A Syrian army helicopter flies over the northern city of Aleppo in October. Iraq has shut its airspace to four Syrian flights scheduled to pick up attack helicopters that had been repaired in Russia, the Iraqi Prime Minister's spokesman said Tuesday. (Tauseef Mustafa/AFP/GettyImages)

Iraq Blocks Syria’s Request to Fetch Combat Helicopters from Russia

A Syrian army helicopter flies over the northern city of Aleppo in October. Iraq has shut its airspace to four Syrian flights scheduled to pick up attack helicopters that had been repaired in Russia, the Iraqi Prime Minister's spokesman said Tuesday. (Tauseef Mustafa/AFP/GettyImages)

by Michael GrabellDafna Linzer and Jeff Larson
ProPublica

Iraq has shut its airspace to four Syrian flights scheduled to pick up attack helicopters that had been repaired in Russia, the spokesman to Iraqi Prime Minister Nuri Kamal al-Maliki said Tuesday. Syria hasfailed several times since June to retrieve the refurbished helicopters from Russia, and the regime of Bashar al-Assad appears to be growing more desperate as fighting intensifies.

Iraq’s denial of the flights appears to be a diplomatic breakthrough for the U.S. Although Baghdad has said it won’t allow arms shipments to Syria and has recently begun to inspect some planes flying from Iran, White House and State Department officials have been pressuring Iraq to act much more aggressively to choke off military aid.

Two U.S. diplomatic officials who are closely monitoring Iraq-Syria relations expressed relief when told that Baghdad said it had denied Syria’s overflight request for the helicopters.

But one of the officials emphasized caution, noting that flights continue over Iraqi airspace from Iran to Syria. Iraq has maintained that the flights carry humanitarian goods but the United States suspects they contain matériel. “The abuse of Iraq’s airspace continues to be a concern,” the official said. “We urge Iraq either to require flights enroute to Syria over its territory to land for inspection or deny overflight requests for these aircraft.”

ProPublica reported on the Syrian fly-over requests last week, noting that the cargo plane expected to pick up the helicopters did not land or take off at the scheduled times at a military airfield near Moscow. The reason was unknown at the time.

Ali al-Mousawi, the prime minister’s media adviser, told ProPublica on Tuesday that Syria’s requests had been denied by the Iraqi Civil Aviation Authority.

“We will not authorize any overflight until we make sure that it does not contain any military equipment in line with the Iraqi government’s policy which firmly rejects allowing transporting any military shipments via our airspace from or to Syria,” he wrote in an email.

Syria has tried various ways to retrieve its attack helicopters from Russia.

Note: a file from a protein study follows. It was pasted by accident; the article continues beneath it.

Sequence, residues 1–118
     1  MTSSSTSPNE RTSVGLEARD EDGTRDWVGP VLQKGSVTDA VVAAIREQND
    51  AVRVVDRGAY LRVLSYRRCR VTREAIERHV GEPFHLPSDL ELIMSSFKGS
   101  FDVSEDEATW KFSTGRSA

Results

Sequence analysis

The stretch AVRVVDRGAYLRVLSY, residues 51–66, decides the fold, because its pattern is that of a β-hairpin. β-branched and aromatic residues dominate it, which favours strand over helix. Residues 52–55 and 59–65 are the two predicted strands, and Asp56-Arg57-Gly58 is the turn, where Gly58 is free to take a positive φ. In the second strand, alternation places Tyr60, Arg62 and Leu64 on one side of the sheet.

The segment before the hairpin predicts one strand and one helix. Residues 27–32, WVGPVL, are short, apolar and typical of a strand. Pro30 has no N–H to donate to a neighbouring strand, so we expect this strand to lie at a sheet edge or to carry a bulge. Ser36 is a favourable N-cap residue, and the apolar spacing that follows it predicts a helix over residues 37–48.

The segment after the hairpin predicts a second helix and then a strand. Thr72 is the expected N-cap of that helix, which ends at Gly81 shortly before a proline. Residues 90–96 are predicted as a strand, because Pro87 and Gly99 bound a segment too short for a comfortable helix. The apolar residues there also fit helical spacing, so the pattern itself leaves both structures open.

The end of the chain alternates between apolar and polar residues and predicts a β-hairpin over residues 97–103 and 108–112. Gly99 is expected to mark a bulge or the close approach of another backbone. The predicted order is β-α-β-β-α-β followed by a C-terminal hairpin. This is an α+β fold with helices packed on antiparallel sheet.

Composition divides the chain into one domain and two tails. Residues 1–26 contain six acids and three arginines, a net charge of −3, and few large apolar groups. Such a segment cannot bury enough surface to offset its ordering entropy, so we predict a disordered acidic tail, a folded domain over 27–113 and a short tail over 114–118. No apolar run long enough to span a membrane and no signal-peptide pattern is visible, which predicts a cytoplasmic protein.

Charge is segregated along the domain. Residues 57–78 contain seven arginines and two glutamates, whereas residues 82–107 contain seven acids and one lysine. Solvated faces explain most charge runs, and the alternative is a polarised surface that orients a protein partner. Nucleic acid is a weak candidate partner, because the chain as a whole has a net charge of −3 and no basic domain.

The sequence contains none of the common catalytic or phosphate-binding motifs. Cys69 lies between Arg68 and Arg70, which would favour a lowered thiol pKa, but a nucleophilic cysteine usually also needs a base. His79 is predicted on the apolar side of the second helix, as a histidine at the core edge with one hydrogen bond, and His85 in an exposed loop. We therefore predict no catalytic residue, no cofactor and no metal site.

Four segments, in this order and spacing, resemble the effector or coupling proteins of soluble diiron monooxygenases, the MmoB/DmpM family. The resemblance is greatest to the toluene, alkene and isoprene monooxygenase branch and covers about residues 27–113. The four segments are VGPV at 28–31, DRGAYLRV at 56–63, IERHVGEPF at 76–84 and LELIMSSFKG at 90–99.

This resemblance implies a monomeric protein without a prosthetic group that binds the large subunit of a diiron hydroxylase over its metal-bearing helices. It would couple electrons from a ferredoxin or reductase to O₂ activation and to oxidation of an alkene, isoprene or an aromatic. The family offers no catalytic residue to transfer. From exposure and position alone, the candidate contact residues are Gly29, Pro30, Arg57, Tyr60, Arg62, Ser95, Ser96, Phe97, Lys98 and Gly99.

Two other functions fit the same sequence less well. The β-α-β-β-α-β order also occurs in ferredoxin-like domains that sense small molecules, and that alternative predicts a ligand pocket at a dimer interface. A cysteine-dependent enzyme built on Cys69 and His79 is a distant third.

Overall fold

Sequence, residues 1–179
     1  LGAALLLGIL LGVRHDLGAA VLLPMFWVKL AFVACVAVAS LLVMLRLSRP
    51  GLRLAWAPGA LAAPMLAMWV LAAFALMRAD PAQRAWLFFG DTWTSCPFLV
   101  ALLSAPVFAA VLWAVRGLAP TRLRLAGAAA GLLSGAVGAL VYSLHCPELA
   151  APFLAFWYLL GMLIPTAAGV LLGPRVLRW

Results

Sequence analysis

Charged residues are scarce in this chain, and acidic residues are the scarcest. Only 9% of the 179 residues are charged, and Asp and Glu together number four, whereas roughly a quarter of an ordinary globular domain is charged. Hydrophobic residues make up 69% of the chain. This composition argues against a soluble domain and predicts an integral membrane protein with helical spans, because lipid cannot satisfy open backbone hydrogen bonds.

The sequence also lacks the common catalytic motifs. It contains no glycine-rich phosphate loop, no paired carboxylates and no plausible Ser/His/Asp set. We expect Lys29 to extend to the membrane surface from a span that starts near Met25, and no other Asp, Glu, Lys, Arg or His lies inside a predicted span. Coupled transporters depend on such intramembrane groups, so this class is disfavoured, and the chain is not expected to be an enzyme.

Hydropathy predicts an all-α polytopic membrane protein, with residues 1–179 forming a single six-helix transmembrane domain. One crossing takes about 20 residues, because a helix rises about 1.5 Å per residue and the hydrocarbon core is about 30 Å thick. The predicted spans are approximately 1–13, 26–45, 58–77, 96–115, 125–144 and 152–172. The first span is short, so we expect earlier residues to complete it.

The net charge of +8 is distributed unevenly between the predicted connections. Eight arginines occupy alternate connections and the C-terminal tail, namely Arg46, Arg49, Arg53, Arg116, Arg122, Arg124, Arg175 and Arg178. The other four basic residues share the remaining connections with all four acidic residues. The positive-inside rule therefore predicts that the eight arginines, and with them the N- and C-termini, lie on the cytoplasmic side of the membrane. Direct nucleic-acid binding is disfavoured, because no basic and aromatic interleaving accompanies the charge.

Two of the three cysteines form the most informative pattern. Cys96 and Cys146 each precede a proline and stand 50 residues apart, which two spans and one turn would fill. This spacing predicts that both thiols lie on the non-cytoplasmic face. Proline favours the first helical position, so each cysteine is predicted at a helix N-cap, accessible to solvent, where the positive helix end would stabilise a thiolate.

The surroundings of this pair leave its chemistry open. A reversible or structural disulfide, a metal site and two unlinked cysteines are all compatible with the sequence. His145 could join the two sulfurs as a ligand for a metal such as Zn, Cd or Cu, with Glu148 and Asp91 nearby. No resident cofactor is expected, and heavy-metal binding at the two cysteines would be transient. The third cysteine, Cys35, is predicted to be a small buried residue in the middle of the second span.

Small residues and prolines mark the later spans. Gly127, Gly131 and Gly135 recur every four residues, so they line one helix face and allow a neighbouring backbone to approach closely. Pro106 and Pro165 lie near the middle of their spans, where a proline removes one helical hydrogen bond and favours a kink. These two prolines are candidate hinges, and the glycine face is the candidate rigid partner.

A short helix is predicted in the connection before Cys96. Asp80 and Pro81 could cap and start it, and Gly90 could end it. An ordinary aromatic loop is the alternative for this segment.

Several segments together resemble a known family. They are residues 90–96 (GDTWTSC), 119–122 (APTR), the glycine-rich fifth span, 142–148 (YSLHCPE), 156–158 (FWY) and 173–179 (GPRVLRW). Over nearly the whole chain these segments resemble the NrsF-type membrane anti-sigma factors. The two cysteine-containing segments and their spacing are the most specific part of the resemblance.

In June, a cargo ship carrying helicopters from the Russian port of Kaliningrad to Syria was turned back after the ship’s insurer withdrew coverage in response to sanctions. A second attempt by sea a month later also failed.

The new plan, according to flight records obtained by ProPublica, was to fly an Ilyushin IL-76 cargo plane in late November and early December from Damascus to Ramenskoye Airport outside Moscow, also known as Zhukovsky Airport. The records described the cargo as an “old helicopter after overhaullling” (sic) and identified the model as an Mi-25 — a heavy combat helicopter that has been filmed in online videos appearing to fire at rebels.

The documents included four proposed flights, the last of which was scheduled for Nov. 6. Each of the planned flights was to land at Ramenskoye Airport at 2:00 p.m. local time and departing three hours later. None of the four flights arrived, according to a photographer ProPublica hired to observe air traffic at Ramenskoye.

Some of the flight records were posted by hackers associated with the online collective Anonymous. Many of those documents, as well as others, were obtained separately by ProPublica, which reported last week that Syria appears to have flown 240 tons of bank notes from Moscow this summer.

One of the U.S. diplomatic officials said Iraq’s decision to block the flights — and to acknowledge doing so publicly — risks angering Moscow. Failure to deliver the helicopters, this official said, could mean a delay in payment for the Russians. Russia has long been Syria’s main supplier of arms.

Officials at the Russian Foreign Ministry and its lead arms exporter Rosoboronexport did not return phone calls from ProPublica. The 150 Aircraft Repair Plant, which is listed as the charterer of the flights, declined to answer questions.

Russia’s Prime Minister Dmitri Medvedev told reporters last week that Russia was obliged to fulfill its existing contracts even in the teeth of international pressure.

Until last year, Iraqi airspace had been largely controlled by the U.S. Air Force. But American officials have gradually turned over control to the Iraqis and now have little involvement in day-to-day operations, according to U.S. aviation advisers working with the Iraqis.

The New York Times reported Sunday on the struggle of American officials to stop arms shipments from Iran. According to the Times, Iraq’s foreign minister promised Secretary of State Hillary Clinton in September that Iraq would inspect the flights from Iran. But since then, the newspaper said, it has only inspected two planes, including one that was returning from Syria.

President Obama, speaking at the National War College, said, “We will continue to support the legitimate aspirations of the Syrian people — engaging with the opposition, providing them with humanitarian aid and working for a transition to a Syria that’s free of the Assad regime.”

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